Project Proposal Abstract: Public land managers face significant challenges when attempting to implement national fire policies and concurrently meet the requirements of existing laws to maintain habitats and populations of wildlife species associated with post-fire habitats. Fire creates dense stands of standing dead trees that provide habitat patches for a variety of wildlife, notably cavity-nesting birds. Several species of cavity-nesting woodpeckers are designated as species at risk because they are responsive to fire and timber management activities. In forested regions of the western United States, controversy over post-fire management activities (particularly salvage logging), frequently results in legal conflicts. Litigation over salvage logging often reflects the challenges faced by land mangers when attempting to legally demonstrate that habitat and populations are maintained for management indicator and sensitive species of wildlife. Standardized guidelines for conservation of postfire landscapes are not available. Currently, a wide variety of approaches are used for managing burned forests and they depend on land ownership and discretion of individual managers. Public land agencies need to develop and implement consistent design criteria for post-fire management on federal lands that will maintain habitats and populations of species at risk, notably cavity-nesting birds. Currently, managers cannot reliably evaluate expected responses by fire-associated wildlife across burned forests because we lack models linking wildlife populations to multi-scale forest conditions after post-fire salvage logging treatments. Our proposal seeks to evaluate the effects and effectiveness of post-fire management activities, namely salvage logging, on populations and habitats of at-risk woodpecker species dependent on burned forests (AFP 2006-3 Task 4). This proposal will allow completion of post-treatment salvage logging measurements where data were collected prior to logging at the Toolbox Fire in Oregon and it will provide data for validation of models on woodpecker nest occurrence developed from data collected in Idaho. The objectives of this study are to: (1) Develop regression models to assess the relative influence of post-fire salvage logging on nest survival and productivity (number of fledglings produced) of at-risk woodpecker species using dry forest habitats; (2) Evaluate the predictive ability of woodpecker nest occurrence models developed from data collected in Idaho by using observations in Oregon; (3) Quantify fuels reduction after post-fire salvage logging to assess the effects on wildlife habitat; and (4) Develop guidelines regarding the use of remotely-sensed pre-fire vegetation conditions and post-fire burn severity to predict habitat suitability of burned forests (e.g., patch area and configuration of snag habitats) for woodpeckers. The results of this study will provide the scientific information to quantify effects of post-fire management activities and determine locations within burned forests most likely to provide suitable habitat for fire-associated species. Our ongoing and proposed research provides a unique opportunity to contribute to the establishment of scientifically-based, legally-defensible guidelines for lessening the effects of post-fire management activities on biological resources and concurrently maintain habitat and populations of fire-associated woodpecker species.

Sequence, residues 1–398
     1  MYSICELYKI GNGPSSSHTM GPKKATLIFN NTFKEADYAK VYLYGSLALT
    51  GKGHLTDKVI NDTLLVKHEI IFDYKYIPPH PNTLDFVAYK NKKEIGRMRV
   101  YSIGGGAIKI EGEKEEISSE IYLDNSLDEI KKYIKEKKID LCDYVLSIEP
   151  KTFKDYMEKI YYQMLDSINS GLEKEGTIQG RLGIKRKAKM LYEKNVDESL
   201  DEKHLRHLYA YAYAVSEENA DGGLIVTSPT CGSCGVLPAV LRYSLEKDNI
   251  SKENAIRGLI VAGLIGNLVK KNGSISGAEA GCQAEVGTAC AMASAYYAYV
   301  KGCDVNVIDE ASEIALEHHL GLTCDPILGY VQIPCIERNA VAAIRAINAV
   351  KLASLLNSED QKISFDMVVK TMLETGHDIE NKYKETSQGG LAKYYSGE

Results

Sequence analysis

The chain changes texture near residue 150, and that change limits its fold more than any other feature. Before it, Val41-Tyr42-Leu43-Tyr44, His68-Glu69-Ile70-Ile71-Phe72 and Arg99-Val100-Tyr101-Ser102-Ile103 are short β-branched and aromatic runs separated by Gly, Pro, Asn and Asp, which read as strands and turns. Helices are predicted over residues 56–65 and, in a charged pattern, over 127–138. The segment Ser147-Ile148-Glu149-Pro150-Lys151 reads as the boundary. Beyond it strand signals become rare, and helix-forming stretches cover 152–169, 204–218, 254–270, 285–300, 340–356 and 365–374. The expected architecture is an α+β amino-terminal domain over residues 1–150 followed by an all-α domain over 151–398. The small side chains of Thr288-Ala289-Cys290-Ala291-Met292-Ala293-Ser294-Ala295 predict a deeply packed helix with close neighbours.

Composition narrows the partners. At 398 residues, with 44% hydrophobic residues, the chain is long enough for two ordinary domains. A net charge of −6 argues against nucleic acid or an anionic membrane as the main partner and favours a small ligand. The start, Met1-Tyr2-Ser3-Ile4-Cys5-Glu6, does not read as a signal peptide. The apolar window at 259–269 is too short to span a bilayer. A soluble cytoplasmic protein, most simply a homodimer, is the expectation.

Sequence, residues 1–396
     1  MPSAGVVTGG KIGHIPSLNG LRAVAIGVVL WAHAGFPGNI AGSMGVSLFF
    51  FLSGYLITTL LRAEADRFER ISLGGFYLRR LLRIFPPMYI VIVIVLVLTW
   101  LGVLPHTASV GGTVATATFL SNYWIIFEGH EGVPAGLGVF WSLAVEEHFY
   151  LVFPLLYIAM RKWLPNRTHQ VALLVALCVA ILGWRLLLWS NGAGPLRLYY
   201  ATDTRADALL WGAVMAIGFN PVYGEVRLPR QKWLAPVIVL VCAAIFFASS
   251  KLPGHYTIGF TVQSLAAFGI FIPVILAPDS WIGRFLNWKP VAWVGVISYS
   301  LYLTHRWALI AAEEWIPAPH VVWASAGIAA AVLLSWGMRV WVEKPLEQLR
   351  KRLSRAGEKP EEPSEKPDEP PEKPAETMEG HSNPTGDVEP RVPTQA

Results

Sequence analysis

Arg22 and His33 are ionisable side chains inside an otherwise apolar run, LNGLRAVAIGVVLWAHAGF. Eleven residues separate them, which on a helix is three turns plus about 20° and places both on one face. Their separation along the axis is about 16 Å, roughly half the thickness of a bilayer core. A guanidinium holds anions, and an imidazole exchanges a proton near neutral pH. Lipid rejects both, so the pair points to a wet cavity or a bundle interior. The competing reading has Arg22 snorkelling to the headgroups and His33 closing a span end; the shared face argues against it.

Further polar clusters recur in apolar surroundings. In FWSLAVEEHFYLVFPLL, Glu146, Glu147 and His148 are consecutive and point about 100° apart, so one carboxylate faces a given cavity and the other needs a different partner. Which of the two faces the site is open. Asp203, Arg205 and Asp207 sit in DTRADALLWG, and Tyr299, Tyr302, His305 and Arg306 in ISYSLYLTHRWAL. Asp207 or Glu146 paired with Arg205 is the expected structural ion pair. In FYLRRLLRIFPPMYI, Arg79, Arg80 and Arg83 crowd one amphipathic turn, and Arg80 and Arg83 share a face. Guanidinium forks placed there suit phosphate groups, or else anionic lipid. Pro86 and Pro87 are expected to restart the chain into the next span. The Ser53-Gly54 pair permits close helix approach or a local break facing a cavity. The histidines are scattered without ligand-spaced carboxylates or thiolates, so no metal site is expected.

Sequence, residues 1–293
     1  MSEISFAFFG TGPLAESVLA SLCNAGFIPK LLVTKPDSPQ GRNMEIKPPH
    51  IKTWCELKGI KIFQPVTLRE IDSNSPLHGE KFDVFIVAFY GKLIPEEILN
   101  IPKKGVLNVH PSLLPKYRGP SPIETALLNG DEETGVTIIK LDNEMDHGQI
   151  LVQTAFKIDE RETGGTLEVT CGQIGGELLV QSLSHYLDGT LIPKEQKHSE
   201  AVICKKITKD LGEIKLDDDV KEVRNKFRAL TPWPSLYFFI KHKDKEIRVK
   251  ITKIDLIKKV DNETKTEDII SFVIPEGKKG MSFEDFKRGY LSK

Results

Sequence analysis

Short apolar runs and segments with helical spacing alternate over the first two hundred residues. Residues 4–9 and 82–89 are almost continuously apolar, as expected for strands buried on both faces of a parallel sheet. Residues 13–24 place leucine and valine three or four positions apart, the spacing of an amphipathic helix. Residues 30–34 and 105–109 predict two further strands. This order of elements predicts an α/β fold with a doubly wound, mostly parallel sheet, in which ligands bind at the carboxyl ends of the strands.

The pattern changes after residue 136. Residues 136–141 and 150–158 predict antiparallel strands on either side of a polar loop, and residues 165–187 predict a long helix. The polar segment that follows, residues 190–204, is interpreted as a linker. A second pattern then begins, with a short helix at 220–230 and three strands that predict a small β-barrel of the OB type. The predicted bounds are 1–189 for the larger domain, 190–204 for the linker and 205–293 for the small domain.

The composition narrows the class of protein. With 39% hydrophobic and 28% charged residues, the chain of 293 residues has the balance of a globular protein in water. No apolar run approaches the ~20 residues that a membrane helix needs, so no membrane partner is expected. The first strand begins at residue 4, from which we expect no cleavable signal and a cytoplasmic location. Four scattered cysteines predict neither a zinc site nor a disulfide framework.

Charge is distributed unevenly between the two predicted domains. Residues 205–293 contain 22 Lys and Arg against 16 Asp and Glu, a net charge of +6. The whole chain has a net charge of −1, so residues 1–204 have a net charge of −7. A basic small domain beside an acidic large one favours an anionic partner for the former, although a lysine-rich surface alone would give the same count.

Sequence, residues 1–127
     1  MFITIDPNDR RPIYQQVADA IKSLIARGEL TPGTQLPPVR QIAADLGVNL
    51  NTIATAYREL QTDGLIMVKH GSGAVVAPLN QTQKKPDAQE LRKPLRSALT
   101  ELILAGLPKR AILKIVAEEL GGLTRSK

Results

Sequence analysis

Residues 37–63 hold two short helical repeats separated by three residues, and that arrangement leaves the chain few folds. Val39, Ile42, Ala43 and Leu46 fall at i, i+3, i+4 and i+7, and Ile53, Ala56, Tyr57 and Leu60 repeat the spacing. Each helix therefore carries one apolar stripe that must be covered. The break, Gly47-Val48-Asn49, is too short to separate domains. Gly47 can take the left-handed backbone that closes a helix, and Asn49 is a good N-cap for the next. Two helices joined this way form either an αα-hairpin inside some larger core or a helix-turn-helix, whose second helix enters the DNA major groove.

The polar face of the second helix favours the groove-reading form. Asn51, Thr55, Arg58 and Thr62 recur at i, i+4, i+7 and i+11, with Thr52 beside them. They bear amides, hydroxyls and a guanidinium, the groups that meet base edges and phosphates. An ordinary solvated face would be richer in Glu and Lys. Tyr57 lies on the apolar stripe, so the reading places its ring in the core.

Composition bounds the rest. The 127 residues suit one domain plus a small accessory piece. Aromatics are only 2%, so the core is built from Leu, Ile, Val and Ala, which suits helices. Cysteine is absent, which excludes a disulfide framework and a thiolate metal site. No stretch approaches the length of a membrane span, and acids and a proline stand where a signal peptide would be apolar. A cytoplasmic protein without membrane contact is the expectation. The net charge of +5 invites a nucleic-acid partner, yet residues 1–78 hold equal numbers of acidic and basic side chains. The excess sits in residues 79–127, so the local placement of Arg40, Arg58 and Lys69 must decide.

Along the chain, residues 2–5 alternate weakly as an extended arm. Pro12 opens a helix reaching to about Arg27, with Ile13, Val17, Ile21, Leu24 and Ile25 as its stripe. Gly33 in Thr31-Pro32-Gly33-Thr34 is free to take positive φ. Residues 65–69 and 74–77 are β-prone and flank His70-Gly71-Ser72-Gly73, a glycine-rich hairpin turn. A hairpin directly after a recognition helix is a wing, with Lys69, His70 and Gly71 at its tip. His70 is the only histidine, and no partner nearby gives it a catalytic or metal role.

Principal Investigator: Victoria A. Saab